Mauritania, The Forgotten Revolt.
Mauritania is often forgotten about, but its people are up in arms too, Reuters explains things:
“NOUAKCHOTT (Reuters) – Hundreds of people took to the streets in Mauritania on Friday calling for better living conditions and more jobs in the vast, impoverished desert nation that straddles black and Arab Africa.
Such demonstrations are rare in the West African country and few expect to see protests on the scale of those that have rocked Tunisia, Egypt, Libya and to a lesser extent, neighbouring Algeria.
A handful in the crowd of 1,000-1,500 mostly young people who took part in the peaceful protest demanded the departure of President Mohamed Ould Abdel Aziz, but they were in the minority and there was only a light security presence.
“The president has to respect his people. Aziz has always said he’s the president of the poor; now the poor are in front of you asking for dialogue,” said Mocktar Mohammed Mahmoud, a social worker who said he had got involved through Facebook.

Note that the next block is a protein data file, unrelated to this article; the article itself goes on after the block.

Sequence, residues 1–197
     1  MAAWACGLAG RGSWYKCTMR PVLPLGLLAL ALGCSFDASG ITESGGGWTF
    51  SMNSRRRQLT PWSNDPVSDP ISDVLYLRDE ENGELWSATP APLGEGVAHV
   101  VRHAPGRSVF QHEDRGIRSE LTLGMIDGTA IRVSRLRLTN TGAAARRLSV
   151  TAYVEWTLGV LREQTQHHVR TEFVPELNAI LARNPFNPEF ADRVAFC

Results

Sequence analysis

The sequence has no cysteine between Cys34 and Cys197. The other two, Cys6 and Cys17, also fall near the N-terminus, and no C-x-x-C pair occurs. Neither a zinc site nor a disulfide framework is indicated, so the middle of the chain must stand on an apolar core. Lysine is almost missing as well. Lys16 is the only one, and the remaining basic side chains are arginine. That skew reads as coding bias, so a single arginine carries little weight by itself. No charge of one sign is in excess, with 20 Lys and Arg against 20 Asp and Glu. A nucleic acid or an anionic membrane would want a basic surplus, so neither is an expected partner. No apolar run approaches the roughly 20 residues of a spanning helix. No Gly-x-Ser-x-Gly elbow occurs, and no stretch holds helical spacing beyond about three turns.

“There is no party behind us, there is no particular tribe behind this. We are behind you in your war against terrorism but you’ve got to stand behind us in our war against hunger.”
Abdel Aziz came to power first in a 2008 coup and then won an election in 2009, which has largely restored stability to the nation but failed to bridge the gap between the mostly rich Arab elite and the largely poorer African classes. “
Yahoo has more:
“The United Nations Development Program indicates the life expectancy for Mauritanians is 57.3 years.
* The U.N. Human Development Index ranks Mauritania 136th out of 169 countries, placing it high among the countries rated as having low human development. It is rated below Egypt, Morocco, Algeria, Libya, and Tunisia, all North African countries that have experienced protests and uprisings in the past two months.
* Half the population relies on agriculture and livestock, and the country is rich in iron ore, its main export. Fishing is a major, though threatened, resource and oil reserves have not materialized to the extent expected. “